Monday, July 20, 2015

So Close...



It certainly has been an interesting few weeks in the education policy world.  After a lengthy debate and many amendments, Congress has gone through with a re-authorization of the Elementary and Secondary Education Act replacing No Child Left Behind with the Every Child Achieves Act.   In my home area of Central Florida, one school district attempted to convince the Commissioner of Education to abandon the statewide standardized assessment for a less expensive alternative.  

The discussion surrounding these two developments has been entertaining and frustrating at the same time.  The entertainment lies in hearing all the great arguments people have against the high stakes testing environment of education policy.  It's been exciting to hear and read more people become vocal about how children are being sacrificed in the mess of "rigor", "accountability", and "standards" as our nation and states struggle to find education policy that works.   It's exciting to hear advocates speak up for educators and give us more authority and a sense that maybe we are valued.

The frustrating part has been the underlying reason to address what has happened.  The arguments to replace what is here are the same arguments that brought us here.  It's mind-numbingly frustrating.  I'm only going to specifically address what happened locally because I thought it was going to be an amazing example of actual change, but it turned out to be disappointing.

On July 13, the Seminole County superintendent sent a letter to the Florida Commissioner of Education appealing to discontinue the Florida Standards Assessment.  I was extremely excited to hear about this development because I'm normally interested in begging my own district to raise a stink with Tallahassee when other districts attempt it.  But not this time.  I respect the Seminole County School Board and the superintendent, but when I read the actual letter I was deflated when I saw:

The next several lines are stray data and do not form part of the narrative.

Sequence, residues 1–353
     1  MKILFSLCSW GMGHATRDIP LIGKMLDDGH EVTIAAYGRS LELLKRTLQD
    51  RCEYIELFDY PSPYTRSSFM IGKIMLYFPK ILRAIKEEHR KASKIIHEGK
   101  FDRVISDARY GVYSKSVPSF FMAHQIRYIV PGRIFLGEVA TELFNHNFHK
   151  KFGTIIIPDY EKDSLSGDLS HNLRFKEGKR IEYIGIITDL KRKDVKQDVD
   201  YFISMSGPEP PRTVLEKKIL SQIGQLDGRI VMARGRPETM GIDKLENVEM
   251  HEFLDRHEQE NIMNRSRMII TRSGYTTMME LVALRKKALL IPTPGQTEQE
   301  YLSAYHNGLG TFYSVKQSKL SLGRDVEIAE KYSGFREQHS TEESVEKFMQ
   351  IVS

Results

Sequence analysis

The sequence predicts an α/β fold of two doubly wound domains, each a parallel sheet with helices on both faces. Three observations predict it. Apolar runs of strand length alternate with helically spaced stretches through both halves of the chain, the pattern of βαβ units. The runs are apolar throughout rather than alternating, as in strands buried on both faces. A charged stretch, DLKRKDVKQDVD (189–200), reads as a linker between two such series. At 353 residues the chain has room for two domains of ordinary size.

"In supporting the Governor's initiative to produce college and career ready graduates, assessment tools need to be aligned to the  Florida Standards and the skills sought by businesses."
When the Orlando Sentinel posted an opinion piece supporting the "Seminole Solution", I again was ready to get my hopes up.  But then I read this gem: 
"Tests are an essential tool to hold schools, teachers and students accountable for results."
I was simply deflated.  These are the same arguments underlying the passage of the ECAA and have been the same arguments framing the national discourse on education.  We have to challenge this notion.  I previously wrote how I disagree with the entire discussion of education, so seeing this argument come so close to a great movement in my own state was quite disheartening. We have to understand that there is no testing solution.

I hear a lot of push for nationally normed tests, or accepted norm referenced tests.  Before we push for these, we'd better fully understand what norm referenced means.  It means that there will always be children who lose.  In norm referenced tests, there is no need to outswim the shark or outrun the bear; only a need to outswim or outrun your friend.  We cannot argue to replace one set of high stakes tests with another set of high stakes tests.  There is no testing solution.

Until we abandon the notion that children are data points we will continue this frenzy of testing, over-testing, accountability, and opting out. Our children are not numbers. We forget that children are people, and people are complex beings. The entire premise of education policy is built upon ignoring this obvious fact.  But we allow the argument without challenge.  Attacking a statewide standardized assessment to replace it with another test dodges the true issue that is hurting children: assuming they are simple.  Children, teachers, and schools cannot be measured simply or quickly. Our blind acceptance that they can be is what will keep harming our children, so we must argue this every time it comes up (even if it's part of a great fight).

I can only guess at how we know if education policy "is working".  Do we look at median household income?  Teacher retention?  Crime rates?  Childhood poverty rates?  Graduation rates?  Youth unemployment rates? Small business development?  Student loan debt? Number of issued patents?  National debt?  Voter turnout?  If we used these "metrics" it would be clear to see that we Left A Lot of Children Behind in our Race to the Bottom.

If we want Every Child to Achieve, we are going about it all wrong.  There is no testing solution.  Children are complex.  Teaching is complicated.  Schools serve a variety of functions that are sometimes difficult to measure.  If we want a solution, we need to let go of our notion of accountability and begin to embrace the notion of true leadership from teachers, parents, educators, and students.

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